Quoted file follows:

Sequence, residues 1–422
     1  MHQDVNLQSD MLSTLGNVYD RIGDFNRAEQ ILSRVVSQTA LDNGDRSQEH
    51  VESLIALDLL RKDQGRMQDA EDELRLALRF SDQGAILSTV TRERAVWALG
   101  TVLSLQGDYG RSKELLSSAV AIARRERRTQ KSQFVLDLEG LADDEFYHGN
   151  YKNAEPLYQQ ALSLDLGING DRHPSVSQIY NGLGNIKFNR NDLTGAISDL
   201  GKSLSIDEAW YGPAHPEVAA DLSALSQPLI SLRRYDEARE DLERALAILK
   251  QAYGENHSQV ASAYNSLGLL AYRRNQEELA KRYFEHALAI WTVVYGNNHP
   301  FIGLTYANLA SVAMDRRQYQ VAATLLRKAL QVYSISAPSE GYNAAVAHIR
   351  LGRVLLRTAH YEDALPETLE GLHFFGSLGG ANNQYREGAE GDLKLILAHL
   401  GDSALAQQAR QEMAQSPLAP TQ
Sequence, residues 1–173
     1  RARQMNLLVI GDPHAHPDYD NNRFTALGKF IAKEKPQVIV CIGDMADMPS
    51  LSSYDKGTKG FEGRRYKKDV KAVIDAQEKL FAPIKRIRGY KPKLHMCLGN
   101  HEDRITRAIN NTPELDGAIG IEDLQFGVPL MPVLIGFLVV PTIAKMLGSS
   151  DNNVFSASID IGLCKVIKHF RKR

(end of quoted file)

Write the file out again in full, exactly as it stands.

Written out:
Sequence, residues 1–422
     1  MHQDVNLQSD MLSTLGNVYD RIGDFNRAEQ ILSRVVSQTA LDNGDRSQEH
    51  VESLIALDLL RKDQGRMQDA EDELRLALRF SDQGAILSTV TRERAVWALG
   101  TVLSLQGDYG RSKELLSSAV AIARRERRTQ KSQFVLDLEG LADDEFYHGN
   151  YKNAEPLYQQ ALSLDLGING DRHPSVSQIY NGLGNIKFNR NDLTGAISDL
   201  GKSLSIDEAW YGPAHPEVAA DLSALSQPLI SLRRYDEARE DLERALAILK
   251  QAYGENHSQV ASAYNSLGLL AYRRNQEELA KRYFEHALAI WTVVYGNNHP
   301  FIGLTYANLA SVAMDRRQYQ VAATLLRKAL QVYSISAPSE GYNAAVAHIR
   351  LGRVLLRTAH YEDALPETLE GLHFFGSLGG ANNQYREGAE GDLKLILAHL
   401  GDSALAQQAR QEMAQSPLAP TQ
Sequence, residues 1–173
     1  RARQMNLLVI GDPHAHPDYD NNRFTALGKF IAKEKPQVIV CIGDMADMPS
    51  LSSYDKGTKG FEGRRYKKDV KAVIDAQEKL FAPIKRIRGY KPKLHMCLGN
   101  HEDRITRAIN NTPELDGAIG IEDLQFGVPL MPVLIGFLVV PTIAKMLGSS
   151  DNNVFSASID IGLCKVIKHF RKR